With the emergence of a host of foreign forwards through out the domestic league in India, one ponders upon the fate of the Indian forwards in the national scheme of things. With the clubs ruthlessly after instant success – they have, in most cases, opted for the more physically stronger and technically astute foreign recruits for their striking roles – which, in return, has meant that there has hardly been any quality forward coming out of the local system. A living testament to that is our very own national team – which has been limited to a bunch of a very few decent forwards at this moment of time.
However, things weren’t always the same for the larger part of India’s footballing history – especially in the run in to its ‘Golden Era’ – the era of the 50s and the 60s – when the boys in blue orchestrated their way through the epitome of Asian football and gathered the might to challenge any footballing heavy-weight around the world!
On a fine July morning, when Sahoo Mahadeoram, a resident of Daulatapur, Bihar, learned of the birth of his baby boy from mother Kusumi Devi, little did he know then the “catalyst” of this very footballing revolution had finally seen the light of his own motherland. They named him Sahoo Mewalal, after the name of his family legacy!
The signs of the early talent were eminent; if not very obvious – as the fairly built boy dribbled and ran around the banks of the Khuri river, with a mere seed of a ‘tar’ tree. The control and command over it was breathtaking; eye-catching for a barely 12 year old!
In 1937, his father moved to Calcutta, as he was instated as an employee of the Fort William – young Mewalal followed his father. Soon his footballing pedigree was to be noticed as one fine day he caught the eye of a certain Sergeant Burnet. He decided to nurture the raw talent as he guided him into the Morning Star Club.
Having initially started at the ‘right in’ position, it was here that he was made to realize that his impeccable shooting technique and his sound physique was just about ideal for a more central role – the role of a centre forward; the team’s ultimate outlet for goal.
The following year, Mewalal moved on to greener pastures as he appeared for the Napier club and the laurels soon followed him as he scored an important goal against the Grear Sporting Club to force a draw for his team. It was his first goal at top level football and he truly made his mark.
Soon after, with the renowned Khiddirpore club he represented in the 2nd division of the Calcutta League, he slowly but steadily made his presence felt into the local footballing circuit. In 1944, in an exhibition match between IFA XI and the India XI , Mewalal was selected for the federation team and he instantly shot into limelight scoring the winning goal to upset the national team.
The Aryan Club, a then-heavyweight, came calling for him and Sahoo signed for them the following season. It was his hattrick for Aryans in the same year against Mohun Bagan in a Calcutta league match that impressed the then India and Mohun Bagan captain Sailen Manna and in 1946 he joined Mohun Bagan under Manna.
He continued his legacy as a journey man as the very next year he again changed clubs and joined Eastern Railway. He was here when he made it to the barefooted national team, which crafted their way through to the 1948 London Olympics. In what was India’s first official match, Mewalal and the boys came agonizingly close in upsetting the mighty French national team as they lost out 2-1 on a final minute winner from Rene Persillon. In what was a pretty lacklustre match, the Indians missed a couple of penalties during the course of the end to end battle.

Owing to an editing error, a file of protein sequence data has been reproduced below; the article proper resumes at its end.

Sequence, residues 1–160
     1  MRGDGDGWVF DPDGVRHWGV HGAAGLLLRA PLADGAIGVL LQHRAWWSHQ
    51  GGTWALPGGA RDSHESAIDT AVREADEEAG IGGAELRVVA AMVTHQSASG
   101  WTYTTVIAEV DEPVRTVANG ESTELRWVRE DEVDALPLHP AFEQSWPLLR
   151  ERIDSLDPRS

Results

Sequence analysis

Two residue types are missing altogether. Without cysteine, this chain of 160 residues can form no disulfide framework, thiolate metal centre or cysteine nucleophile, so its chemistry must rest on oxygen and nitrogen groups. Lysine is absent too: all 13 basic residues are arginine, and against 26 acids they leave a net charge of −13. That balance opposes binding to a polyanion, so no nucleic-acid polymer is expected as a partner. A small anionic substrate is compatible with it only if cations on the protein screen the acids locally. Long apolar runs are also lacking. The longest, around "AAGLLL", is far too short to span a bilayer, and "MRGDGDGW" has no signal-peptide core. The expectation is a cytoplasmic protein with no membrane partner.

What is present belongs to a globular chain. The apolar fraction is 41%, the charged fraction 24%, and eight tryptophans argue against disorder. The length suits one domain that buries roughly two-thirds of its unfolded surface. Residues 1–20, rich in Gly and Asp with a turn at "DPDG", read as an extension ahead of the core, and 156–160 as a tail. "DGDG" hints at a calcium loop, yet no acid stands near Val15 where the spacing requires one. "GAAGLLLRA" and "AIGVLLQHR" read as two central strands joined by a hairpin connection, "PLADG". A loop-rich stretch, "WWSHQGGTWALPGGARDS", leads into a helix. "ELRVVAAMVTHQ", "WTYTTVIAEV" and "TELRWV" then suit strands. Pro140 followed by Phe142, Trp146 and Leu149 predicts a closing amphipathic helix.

However, Mewalal made amends months later as the national team embarked on an European tour, where the Blue Tigers thrashed the likes of Denmark, Austria and even Germany in a series of unofficial ties. In the four matches he played, Mewalal recorded for an impressive tally of six goals.
His footballing skills were now there for the whole nation to see, and fans filled in into the stadiums everytime he set foot on the pitch – an incredibly agile player with acrobatic fitness, he made the “bicycle kick” his own – which eventually made him a poster boy for the die hard fans!
In the next couple of years, Mewalal was nothing less than prolific in the national team’s continental tours in Afghanistan and Burma. However, it was in 1951 that Mewalal achieved his biggest feat in his footballing career, as he scored the lone goal and the winner against Iran to lead India to the gold medal in the 1951 Asian Games in New Delhi. Infact, the 25 year old managed to score in every match India played during the tournament.
He unfortunately couldn’t make it to 1956 Olympic team, which historically reached the semi-finals of the tournament and while playing in an Inter-Railway tournament in Kharagpur two years later, he met with a career-ending injury as his knee was broken to pieces; thus eventually bringing an end to his illustrious 20 year old career.
In what could challenge even the great Brazilian Romario, Mewalal had said to have scored a staggering 1032 goals through out his career in First Class and National and International tournaments, which also included 32 hattricks!
In a country where greats are often forgotten down the memory lane, Mewalal was unfortunately the victim of this very trait. In 2008, when he suffered from pneumonia & his grandson Vivek Lal took him to the renowned SSKM Hospital in Kolkata, the authorities refused to grant him admission. It was only after local area counselor Mr Faiyaz Ahmed Khan persuaded for an entry that he was finally allowed treatment but it was all too little too late, as India’s greatest striker breathed his final breath on 27th December 2008, thus leaving behind a massive void in the Indian footballing history!